Case Law Details

Case Name : Mahavir Prasad Jaipuria Vs Assist. CIT (ITAT Delhi)
Appeal Number : IT Appeal No. 6643 (Delhi) of 2015
Date of Judgement/Order : 04/10/2017
Related Assessment Year : 2012-13

Mahavir Prasad Jaipuria Vs Assist. CIT (ITAT Delhi)

The facts of the case reveal that the amount was found during the course of search which the assessee claimed to be his wife’s savings/pin money. This amount was not surrendered at the time of search but was surrendered subsequently during the course of assessment proceedings by assessee surrendering the same in his own hands in the computation of income. Therefore, as per the specific provisions of section 271AAA, this amount does not specifically fall under the definition of undisclosed income found during the course of search. It is also noteworthy that the assessing officer accepted this surrender without any questions asked. Even if for the sake of argument, the same is accepted as to be cash found during the course of search, it is undisputed that the assessee has paid tax due thereon. The only question thereafter remaining is whether the same was substantiated by the assessee or not. The assessee has already explained the source that is savings/pin money of his wife and as far as the substantiation is concerned, it would be relevant to mention here that given the fact that it is a search case, the question of specifying and substantiating the manner in which the undisclosed income has been derived can be somewhat general and omnibus and no precise calculations or computations can be done with reference thereto. As the assessee had discharged his onus by substantiating the manner in which undisclosed income was derived, being the savings of his wife, and had paid the due tax thereon, no penalty proceedings could be initiated against assessee.

FULL TEXT OF THE ITAT JUDGMENT

This appeal has been preferred by the assessee against the order of the Ld. CIT (A) – 24, New Delhi wherein vide order dated 12.10.2015, the Ld. CIT (A) has confirmed the imposition of penalty of Rs. 30,000/- u/s 271AAA of the Income Tax Act, 1961 for AY 20 12-13.

2. The brief facts of the case are that the assessee belongs to Jaipuria group of cases which was subjected to search and seizure action under section 132 of the Income Tax Act, 1961 on 27th of March 2012. The statement of the assessee was recorded under section 132 (4) of the Income Tax Act, 1961 and the assessee’s son Shri Anurag Jaipuria also offered a total amount of Rs. 5 crores as undisclosed income in the hands of various individuals and entities associated with the Jaipuria group. In the original return of income filed on 3 1/07/2012, the assessee had offered a total income of Rs. 10,26,175/- to tax. Subsequently, he filed a revised return of income on 07/06/2013 disclosing total income of Rs. 13,26,175/-. During the course of search and post search investigation, the assessee did not surrender any income but during the course of assessment proceedings under section 143 (3) of the Income Tax Act 1961, the assessee surrendered an amount of Rs. 3 Lacs for the assessment year under consideration which was shown in the computation of income under the head “other sources”. Assessment was completed under section 143 (3) of the Income Tax Act, 1961 after making an addition of Rs. 11,92,800/- on account of unexplained cash. Subsequently, penalty proceedings under section 271AAA of the Income Tax Act, 1961 were initiated by issuance of notice under section 274. It was the response of the assessee that penalty proceedings under section 271AAA of the Income Tax Act, 1961 had not been initiated in the assessment order passed under section 143 (3) of the Income Tax Act, 1961 and further there was no undisclosed income of the assessee as per the provisions of section 271 AAA of the Act and, therefore, the proposal to impose penalty under section 271AAA of the Income Tax Act, 1961 on that basis was erroneous. However, the assessing officer proceeded to impose penalty of Rs. 30,000/- under section 271AAA on the alleged undisclosed income of Rs. 3 Lacs which was surrendered by the assessee during the course of assessment proceedings. Aggrieved, the assessee preferred an appeal before the Ld. CIT (Appeals) who upheld the confirmation of the penalty and now the assessee has approached the ITAT and has challenged the imposition of penalty.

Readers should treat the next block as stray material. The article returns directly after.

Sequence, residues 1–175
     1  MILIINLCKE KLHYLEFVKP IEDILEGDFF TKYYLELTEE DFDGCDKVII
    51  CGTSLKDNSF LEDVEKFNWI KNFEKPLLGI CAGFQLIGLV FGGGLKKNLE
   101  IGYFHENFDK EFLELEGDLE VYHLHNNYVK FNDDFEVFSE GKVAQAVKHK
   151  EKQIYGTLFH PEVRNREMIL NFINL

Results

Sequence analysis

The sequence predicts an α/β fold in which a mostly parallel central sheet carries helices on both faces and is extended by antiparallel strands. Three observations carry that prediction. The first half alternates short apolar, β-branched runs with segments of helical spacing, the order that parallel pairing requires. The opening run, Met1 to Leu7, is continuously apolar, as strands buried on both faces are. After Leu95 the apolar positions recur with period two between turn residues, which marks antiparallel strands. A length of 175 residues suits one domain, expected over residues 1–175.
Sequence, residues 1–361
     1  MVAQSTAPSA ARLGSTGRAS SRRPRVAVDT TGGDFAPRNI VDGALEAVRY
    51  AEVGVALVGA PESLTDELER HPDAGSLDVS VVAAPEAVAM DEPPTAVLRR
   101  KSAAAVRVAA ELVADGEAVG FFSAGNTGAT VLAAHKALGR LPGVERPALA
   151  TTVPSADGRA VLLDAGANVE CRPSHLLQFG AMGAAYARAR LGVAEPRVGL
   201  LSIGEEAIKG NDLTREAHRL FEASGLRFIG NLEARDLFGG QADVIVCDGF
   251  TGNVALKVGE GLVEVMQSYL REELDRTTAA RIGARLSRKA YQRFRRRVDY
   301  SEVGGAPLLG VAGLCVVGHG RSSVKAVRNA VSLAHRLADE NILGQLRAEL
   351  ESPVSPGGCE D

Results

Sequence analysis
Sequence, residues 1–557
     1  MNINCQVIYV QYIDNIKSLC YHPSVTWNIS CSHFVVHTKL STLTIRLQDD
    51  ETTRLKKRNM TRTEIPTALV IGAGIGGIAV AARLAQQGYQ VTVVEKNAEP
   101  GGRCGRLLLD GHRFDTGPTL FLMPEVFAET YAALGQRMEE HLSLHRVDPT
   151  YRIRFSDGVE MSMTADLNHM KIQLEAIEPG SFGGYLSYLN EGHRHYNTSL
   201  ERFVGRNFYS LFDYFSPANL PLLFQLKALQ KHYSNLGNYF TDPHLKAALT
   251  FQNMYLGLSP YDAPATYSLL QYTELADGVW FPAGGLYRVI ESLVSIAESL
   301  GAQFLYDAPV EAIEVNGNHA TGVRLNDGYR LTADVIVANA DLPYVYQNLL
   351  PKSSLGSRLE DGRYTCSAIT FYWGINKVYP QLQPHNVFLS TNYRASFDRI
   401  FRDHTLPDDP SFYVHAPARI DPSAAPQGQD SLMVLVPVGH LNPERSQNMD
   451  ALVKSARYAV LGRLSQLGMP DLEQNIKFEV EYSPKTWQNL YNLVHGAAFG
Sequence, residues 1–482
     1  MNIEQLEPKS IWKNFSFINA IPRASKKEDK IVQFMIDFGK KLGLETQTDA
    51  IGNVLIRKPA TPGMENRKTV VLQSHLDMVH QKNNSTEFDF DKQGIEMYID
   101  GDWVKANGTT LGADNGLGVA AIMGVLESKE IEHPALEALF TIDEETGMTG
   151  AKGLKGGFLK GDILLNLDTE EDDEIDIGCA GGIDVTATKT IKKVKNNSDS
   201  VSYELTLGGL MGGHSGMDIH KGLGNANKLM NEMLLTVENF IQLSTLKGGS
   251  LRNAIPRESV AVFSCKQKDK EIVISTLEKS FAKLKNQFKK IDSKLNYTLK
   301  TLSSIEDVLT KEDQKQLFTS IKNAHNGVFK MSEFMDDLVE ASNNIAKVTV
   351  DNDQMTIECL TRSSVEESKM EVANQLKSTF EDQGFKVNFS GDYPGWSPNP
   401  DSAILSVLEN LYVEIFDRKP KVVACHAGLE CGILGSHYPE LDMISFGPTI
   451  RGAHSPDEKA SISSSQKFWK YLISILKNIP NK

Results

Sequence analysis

3. The Ld. authorised representative submitted that Rs. 4,82,800/- out of Rs. 17,49,800/- found during the course of search was found from the almirah of the assessee’s wife Smt. Pushpa Jaipuria which was her pin money, savings, cash presents and gifts received by her on various functions and other occasions. However, in order to buy peace of mind and avoid litigation, the assessee had voluntarily added the amount of Rs. 3 Lacs out of this Rs. 4,82,800/- with the hope and prayer that no penalty shall be levied. It was submitted that the assessing officer had failed to appreciate that there was no undisclosed income of the assessee as per the provisions of section 271AAA of the Income Tax Act, 1961 and, therefore, the imposition of penalty under the said section was legally not tenable. It was also submitted that the assessee’s son Sh. Anurag Jaipuria had offered Rs. 5 crores as income in his hand, his family members, HUF, firms and its partners, companies and its directors and associates in his statement recorded under section 132 (4) of the Income Tax Act, 1961 during the course of search and seizure operation with the understanding that no penalty proceedings of any kind will be taken against him and his group. It was also submitted that the additional income of Rs. 3 Lacs was surrendered by the assessee in his computation of income only to honour the commitment made to disclose the additional income by the son of the assessee even though the source of the said cash found was duly explained by the assessee in his statement during the course of search and seizure operations. It was submitted that the additional income declared by the assessee in his return of income was not an undisclosed income as contemplated in section 271AAA of the Income Tax Act, 1961 as the said cash itself was not found from the possession of the assessee but belonged to his wife who had passed away after the date of search and seizure operation. It was submitted that the same had been elaborately explained by the assessee in his computation of income as well as in his reply dated 01/03/2014 filed in response to the questionnaire dated 01/11/2013. It was also submitted that the AO had also drawn a wrong inference that the cash had not been substantiated and that the Ld. at CIT appeals had also misapplied the provisions of the Act while confirming the penalty.